Amidst one of the worst public health crises in the recent past, the FDA is limiting the number of blood donations hospitals can accept for an outdated reason.
The year may be 2020, but our federal health agencies are yet to bid farewell to the distant past. In a recent directive, the United States Food and Drug Administration announced a ban on gay and bisexual men donating blood and plasma for clinical trials to treat coronavirus patients. The move has been deemed "antiquated" by LGBTQ+ advocacy group GLAAD. The organization has since set up a petition, now nearing 20,000 signatures, demanding that the FDA lift the restriction, CNN reports. At a time when the COVID-19 outbreak has led to an even greater need for blood and plasma, this decision is unfair to all those who are part of our country's public health system.
According to the FDA's guidelines, the ban is a way to prevent the transmission of HIV/AIDS. However, this risk is an archaic misconception that only narrows the pool of available blood and plasma. "The FDA cannot let an outdated and discriminatory ban on blood donations from gay and bi men get in the way of potentially life-saving treatment for the country's painful current health crisis," GLAAD President and CEO Sarah Kate Ellis affirmed. "Continuing to enforce this antiquated policy is dangerous, irresponsible, and flies in the face of recommendations from medical experts."
GLAAD is not the only voice of critique in the matter. A group of senators, including Chris Coons, Amy Klobuchar, Bernie Sanders, Kamala Harris, and Tammy Duckworth signed a letter calling for the FDA to rescind the ban. The group addressed the widening gap in blood and plasma supply. The letter read, "We must take every possible step to secure our nation's blood supply in this critical time, and in order to do so, we need to shift away from antiquated and stigmatizing donation policies to ones that are scientifically sound, based on individual risk, and inclusive of all potential healthy blood donors."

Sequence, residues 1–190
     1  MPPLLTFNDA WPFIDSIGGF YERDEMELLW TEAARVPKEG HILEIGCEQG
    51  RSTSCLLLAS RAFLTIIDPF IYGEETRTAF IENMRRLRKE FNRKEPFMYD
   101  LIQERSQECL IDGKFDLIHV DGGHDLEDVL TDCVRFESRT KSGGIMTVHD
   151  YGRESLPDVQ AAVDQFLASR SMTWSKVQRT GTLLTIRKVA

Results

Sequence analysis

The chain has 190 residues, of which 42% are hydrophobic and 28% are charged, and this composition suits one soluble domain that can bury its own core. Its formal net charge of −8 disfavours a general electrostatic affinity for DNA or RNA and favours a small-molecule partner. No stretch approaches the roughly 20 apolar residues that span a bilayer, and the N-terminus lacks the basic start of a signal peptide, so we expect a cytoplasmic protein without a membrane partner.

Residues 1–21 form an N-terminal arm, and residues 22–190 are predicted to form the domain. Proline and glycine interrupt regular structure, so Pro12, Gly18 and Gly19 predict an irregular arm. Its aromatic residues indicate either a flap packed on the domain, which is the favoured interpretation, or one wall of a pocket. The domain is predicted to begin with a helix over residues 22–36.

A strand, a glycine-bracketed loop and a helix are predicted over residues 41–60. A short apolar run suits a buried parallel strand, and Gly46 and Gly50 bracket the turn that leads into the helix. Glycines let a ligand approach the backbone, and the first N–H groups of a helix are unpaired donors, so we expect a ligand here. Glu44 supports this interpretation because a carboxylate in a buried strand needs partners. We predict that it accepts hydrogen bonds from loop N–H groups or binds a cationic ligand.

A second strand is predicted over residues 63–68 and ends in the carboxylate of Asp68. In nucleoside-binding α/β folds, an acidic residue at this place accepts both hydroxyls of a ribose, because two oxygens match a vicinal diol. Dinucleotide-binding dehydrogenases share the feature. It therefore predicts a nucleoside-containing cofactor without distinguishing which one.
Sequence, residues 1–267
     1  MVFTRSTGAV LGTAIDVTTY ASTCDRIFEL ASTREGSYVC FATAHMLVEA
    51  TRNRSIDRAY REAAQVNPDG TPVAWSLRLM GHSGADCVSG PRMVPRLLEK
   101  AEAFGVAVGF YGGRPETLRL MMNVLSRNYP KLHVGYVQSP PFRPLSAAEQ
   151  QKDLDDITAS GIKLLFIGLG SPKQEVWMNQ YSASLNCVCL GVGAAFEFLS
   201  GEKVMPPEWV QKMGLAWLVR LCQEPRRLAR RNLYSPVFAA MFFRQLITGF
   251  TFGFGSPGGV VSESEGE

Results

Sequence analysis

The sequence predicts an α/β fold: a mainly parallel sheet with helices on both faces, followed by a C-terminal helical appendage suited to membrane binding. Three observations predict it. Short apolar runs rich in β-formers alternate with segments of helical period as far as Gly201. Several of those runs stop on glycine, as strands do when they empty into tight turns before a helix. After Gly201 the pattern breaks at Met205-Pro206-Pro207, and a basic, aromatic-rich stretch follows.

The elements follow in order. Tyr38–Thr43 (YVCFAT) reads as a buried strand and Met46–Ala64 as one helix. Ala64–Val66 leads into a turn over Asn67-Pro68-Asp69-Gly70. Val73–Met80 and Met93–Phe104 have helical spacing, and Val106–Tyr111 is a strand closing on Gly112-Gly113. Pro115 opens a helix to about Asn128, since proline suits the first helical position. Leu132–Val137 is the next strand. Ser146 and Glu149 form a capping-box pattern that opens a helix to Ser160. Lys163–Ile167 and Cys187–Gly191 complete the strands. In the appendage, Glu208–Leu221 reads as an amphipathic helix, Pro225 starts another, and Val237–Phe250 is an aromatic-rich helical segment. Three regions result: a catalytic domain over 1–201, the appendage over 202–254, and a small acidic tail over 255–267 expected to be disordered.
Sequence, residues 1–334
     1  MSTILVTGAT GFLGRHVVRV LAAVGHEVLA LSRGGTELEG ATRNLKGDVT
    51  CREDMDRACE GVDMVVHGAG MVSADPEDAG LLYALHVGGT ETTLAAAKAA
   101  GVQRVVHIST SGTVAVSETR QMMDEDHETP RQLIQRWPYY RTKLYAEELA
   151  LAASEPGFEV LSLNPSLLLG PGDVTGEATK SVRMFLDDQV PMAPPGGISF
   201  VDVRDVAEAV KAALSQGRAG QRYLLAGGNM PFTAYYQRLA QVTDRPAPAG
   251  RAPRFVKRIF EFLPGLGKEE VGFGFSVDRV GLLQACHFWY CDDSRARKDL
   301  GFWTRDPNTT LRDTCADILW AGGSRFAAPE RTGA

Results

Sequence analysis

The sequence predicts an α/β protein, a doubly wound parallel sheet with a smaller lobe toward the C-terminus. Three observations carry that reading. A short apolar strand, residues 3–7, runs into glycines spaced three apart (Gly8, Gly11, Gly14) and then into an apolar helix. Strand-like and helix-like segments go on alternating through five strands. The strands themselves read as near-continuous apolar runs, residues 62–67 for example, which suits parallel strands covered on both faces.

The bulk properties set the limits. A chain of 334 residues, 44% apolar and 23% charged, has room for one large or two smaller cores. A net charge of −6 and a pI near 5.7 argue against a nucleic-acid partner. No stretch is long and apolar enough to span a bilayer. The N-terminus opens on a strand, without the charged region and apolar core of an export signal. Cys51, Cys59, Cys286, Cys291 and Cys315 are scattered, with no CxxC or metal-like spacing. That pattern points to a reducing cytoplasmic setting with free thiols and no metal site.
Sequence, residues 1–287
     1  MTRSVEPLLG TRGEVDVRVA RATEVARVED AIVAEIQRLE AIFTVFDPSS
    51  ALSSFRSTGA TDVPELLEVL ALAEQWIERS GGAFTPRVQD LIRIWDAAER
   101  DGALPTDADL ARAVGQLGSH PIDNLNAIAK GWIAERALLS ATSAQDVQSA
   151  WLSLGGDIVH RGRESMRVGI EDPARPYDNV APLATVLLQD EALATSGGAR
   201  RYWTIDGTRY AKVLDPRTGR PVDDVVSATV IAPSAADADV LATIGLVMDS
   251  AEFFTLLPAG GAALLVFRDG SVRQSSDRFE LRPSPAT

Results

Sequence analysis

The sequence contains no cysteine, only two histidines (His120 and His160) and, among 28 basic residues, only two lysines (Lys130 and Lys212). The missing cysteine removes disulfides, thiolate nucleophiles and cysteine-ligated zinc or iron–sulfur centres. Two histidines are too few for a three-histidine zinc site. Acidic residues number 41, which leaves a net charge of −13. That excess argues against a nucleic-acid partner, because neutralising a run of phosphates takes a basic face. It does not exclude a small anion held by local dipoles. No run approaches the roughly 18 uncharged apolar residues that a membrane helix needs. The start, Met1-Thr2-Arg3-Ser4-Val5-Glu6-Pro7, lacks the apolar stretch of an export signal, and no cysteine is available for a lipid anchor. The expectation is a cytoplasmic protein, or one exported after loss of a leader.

In response to the criticism by the LGBTQ+ advocacy group and other lawmakers, an FDA spokesperson, too, acknowledged the decline in blood and plasma supply. Nonetheless, they did not imply that the FDA had plans to lift the ban any time soon. They stated, "At this time, FDA's recommendations regarding blood donor deferral for men who have sex with men have not changed, but we are actively considering the situation as the outbreak progresses." However, by the time the need for more blood arises, it may be too late for some patients, especially those who have contracted the deadly Coronavirus.
A 28-year-old man from New York, who contracted and has since recovered from the disease, expressed his frustration regarding the outmoded ban. "There are so many gay men in [New York] who have clean blood that we are ready to give," he shared in an anonymous interview with CNN. "To know that I have blood right now inside my body that could potentially save the life or help someone else who has COVID-19... I can't see it being anything other than homophobic beliefs. If it really was about HIV, there would be a questionnaire about how much sex people have had." The FDA first barred gay and bi men from donating blood and plasma in 1985. In 2015, however, they updated the policy to allow men who had not had sex with a man in at least 12 months eligible to donate blood. At a crucial time when we should be allowing all those with clean blood to donate, the FDA's newly-introduced ban truly is dangerous and irresponsible.